Saturday, April 19, 2008

How to fit QA in Scrum Sprints

Many scrum teams have a tough time accommodating QA in the same sprint. They end up creating separate QA sprints and staggering it with development sprints. Thus development happens in one sprint and QA in the next. So agile, isn't it? In the true spirit of Scrum, stories should be finished with the necessary testing in the same sprint.

Here is how it happens. Let's say our sprint length is 3 weeks. We have two dedicated QA persons assigned to our project. They are a part of the team. First two weeks developers keep working on their code (and unit tests) and QA persons play ping-pong. In the third week developers start delivering code to QA. Now suddenly our QA has work! As all the tests are manual, one week doesn't suffice. Some stories get demonstrated in the sprint demo without testing! The remaining QA work then gets included in the next sprint. They finish the remnant work in a week and again play ping-pong for one week. Thus the staggered cycle continues.

There is only one way to break this cycle – QA automation. Automating tests with a tool like Selenium saves testing time considerably. It increases test development time, but it reduces testing time considerably. Thus when developers are coding, QA persons can develop automated tests instead of playing ping-pong. Once developers start delivering code to QA, all QA has to do is run the automated tests!

I have been playing with Selenium recently. It's really a great open source tool for QA automation. I found Selenium RC very useful for web based applications as it allows automated tests to run in various browser environments - Firefox, IE etc. Furthermore, Selenium tests can be developed in Ruby, Java, Javascript, Perl, PHP, Python and even .NET! QA can choose the easiest option for them.

Handling QA in Scrum environments requires a paradigm shift. Many companies don't have QA persons with coding skills. In such environments developers need to step up and develop automated tests. Gone are the days when a person went manually through each and every page of your website. Scrum requires much more efficient QA and thankfully Selenium-like tools provide the necessary technology.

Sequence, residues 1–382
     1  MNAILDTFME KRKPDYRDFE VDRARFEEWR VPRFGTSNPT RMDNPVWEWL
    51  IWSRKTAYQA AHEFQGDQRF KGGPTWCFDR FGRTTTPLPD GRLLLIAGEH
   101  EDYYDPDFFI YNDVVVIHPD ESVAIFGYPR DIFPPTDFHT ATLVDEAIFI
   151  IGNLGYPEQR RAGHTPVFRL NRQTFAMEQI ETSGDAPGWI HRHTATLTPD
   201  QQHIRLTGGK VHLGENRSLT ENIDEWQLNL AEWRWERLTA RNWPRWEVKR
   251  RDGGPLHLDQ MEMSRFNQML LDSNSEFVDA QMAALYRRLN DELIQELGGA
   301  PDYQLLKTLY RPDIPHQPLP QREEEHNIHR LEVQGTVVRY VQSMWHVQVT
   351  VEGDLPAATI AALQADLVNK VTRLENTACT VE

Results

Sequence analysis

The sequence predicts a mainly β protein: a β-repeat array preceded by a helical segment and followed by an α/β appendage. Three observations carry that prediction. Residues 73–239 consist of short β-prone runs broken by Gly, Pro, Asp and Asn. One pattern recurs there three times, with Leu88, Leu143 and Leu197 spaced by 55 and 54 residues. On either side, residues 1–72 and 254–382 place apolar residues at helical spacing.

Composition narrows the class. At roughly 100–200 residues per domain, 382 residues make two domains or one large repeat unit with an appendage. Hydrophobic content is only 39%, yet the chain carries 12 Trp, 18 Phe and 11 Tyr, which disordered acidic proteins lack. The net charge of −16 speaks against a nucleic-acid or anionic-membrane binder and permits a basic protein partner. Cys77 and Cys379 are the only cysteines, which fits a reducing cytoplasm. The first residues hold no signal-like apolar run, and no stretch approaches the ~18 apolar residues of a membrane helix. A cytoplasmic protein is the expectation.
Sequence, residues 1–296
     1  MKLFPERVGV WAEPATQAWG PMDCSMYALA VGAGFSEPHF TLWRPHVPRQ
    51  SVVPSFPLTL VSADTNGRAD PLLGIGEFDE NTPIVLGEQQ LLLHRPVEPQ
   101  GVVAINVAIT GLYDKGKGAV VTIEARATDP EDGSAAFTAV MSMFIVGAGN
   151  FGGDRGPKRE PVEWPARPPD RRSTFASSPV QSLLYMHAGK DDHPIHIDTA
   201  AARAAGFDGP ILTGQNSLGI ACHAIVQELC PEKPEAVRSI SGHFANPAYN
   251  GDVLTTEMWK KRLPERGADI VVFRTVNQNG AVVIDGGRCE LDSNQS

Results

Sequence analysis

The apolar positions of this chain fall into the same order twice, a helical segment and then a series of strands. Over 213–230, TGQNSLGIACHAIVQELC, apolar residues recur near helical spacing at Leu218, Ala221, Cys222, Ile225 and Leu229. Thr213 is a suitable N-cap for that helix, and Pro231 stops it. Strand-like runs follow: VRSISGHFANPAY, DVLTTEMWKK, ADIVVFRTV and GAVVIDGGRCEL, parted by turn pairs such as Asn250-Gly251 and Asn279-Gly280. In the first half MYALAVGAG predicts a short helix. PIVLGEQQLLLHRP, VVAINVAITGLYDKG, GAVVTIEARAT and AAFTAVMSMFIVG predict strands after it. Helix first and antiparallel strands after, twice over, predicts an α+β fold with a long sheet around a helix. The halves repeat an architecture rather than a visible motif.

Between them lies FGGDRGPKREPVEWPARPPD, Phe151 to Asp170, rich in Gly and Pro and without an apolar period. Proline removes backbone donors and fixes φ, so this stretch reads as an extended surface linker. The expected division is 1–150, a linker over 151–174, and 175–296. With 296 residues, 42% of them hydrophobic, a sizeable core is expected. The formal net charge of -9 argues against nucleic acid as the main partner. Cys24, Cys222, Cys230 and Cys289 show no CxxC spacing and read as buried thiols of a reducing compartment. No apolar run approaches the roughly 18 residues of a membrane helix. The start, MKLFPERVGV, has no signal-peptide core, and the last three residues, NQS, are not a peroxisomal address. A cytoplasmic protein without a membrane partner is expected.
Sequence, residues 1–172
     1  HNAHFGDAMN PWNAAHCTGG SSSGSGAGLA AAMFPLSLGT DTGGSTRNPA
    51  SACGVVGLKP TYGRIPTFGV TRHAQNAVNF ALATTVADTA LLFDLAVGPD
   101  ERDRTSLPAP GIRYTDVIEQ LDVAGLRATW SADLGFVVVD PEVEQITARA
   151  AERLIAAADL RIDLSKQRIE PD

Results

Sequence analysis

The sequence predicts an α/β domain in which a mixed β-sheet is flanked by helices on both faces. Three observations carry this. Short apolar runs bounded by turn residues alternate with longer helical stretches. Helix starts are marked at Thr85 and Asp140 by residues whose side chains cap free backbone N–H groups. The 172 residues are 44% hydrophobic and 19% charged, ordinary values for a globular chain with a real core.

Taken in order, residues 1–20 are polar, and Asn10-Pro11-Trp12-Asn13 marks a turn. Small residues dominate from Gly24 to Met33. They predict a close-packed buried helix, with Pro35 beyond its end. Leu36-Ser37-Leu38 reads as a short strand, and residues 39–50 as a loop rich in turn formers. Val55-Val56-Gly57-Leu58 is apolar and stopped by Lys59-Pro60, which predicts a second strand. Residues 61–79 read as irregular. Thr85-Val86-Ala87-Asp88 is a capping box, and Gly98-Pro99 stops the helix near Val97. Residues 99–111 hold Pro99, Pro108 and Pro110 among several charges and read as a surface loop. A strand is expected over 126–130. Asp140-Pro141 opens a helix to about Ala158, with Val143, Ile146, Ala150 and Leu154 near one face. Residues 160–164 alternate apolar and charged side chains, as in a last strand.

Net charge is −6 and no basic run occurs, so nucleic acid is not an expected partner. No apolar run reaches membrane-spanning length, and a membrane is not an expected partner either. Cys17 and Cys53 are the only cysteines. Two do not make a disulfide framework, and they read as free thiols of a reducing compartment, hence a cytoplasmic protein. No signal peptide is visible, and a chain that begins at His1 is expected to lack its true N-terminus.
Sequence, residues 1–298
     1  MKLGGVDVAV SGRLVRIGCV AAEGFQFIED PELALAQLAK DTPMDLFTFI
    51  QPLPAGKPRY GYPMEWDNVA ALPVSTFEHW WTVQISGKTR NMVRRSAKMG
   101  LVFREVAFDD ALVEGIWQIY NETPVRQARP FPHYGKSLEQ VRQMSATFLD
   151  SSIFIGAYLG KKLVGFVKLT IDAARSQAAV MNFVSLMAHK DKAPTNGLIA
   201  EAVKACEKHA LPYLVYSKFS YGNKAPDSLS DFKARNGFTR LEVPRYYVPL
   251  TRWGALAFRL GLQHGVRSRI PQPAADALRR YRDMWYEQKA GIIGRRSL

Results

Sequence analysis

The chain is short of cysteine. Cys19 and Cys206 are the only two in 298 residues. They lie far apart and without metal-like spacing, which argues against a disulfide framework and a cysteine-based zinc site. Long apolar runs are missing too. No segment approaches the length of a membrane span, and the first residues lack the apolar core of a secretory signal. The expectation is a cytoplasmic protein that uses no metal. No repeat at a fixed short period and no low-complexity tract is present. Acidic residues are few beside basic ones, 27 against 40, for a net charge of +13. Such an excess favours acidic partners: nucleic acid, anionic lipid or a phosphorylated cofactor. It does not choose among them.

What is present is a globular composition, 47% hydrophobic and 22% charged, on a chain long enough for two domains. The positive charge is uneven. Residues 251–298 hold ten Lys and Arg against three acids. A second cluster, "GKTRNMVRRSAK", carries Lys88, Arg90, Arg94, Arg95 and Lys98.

Wednesday, April 16, 2008

Meetings v/s Mailing Lists

Some companies have a meeting oriented culture. They summon a meeting to solve each and every problem, however simple the problem may be. A meeting for designing a database table, a meeting for reviewing code, a meeting for clarifying a story, a meeting for getting extra RAM in your computer etc. If you try to measure the amount of time spent by employees in meetings per week, it might surprise you. Meetings are an inefficient way of discussing a topic. I prefer to discuss issues via mailing lists over calling for meetings. I and a friend of mine - Ken Weiner came up with the following advantages of mailing lists:
  • Mailing lists are more productive, people don't have to repeat what they said as they get enough time to digest it.
  • Email keeps track of the entire conversation. Some wikis such as Confluence also have a way of archiving a mailing list to make it searchable.
  • Every person gets enough time to read the email and respond to it. In a meeting, one might not get enough time to respond.
  • In multi-location environments, mailing lists are the best ways to keep everybody informed about everything. That's how the entire open source development works. Video conference / conference calls may not be feasible every time.
  • Attending a meeting consists of higher context switching. You might be in your best productive time and you have to drop everything to attend a meeting. I personally hate to do that.
  • In meetings some personalities can overpower others because of their voice, posture or even position etc. Mailing list avoid such overpowering.
  • Sometimes uninterested parties attend meetings for the sake of attending. Discussing a topic on mailing list can certainly avoid this. The uninterested person can simply delete the email by looking at the subject.
Try to discuss as much as possible on mailing lists instead of calling for a meeting. Mailing lists can serve as an excellent reference for future. Some collaboration tools such as CollabNet can even capture emails sent with an issue number in the subject as a comment to the issue. Tools such as Crucible will help you in doing efficient code reviews. Wikis can help you discussing a topic as well as archiving a mailing list. As soon as you start your Scrum project, you should setup a mailing list for all the stakeholders. You will be pleasantly surprised with the results.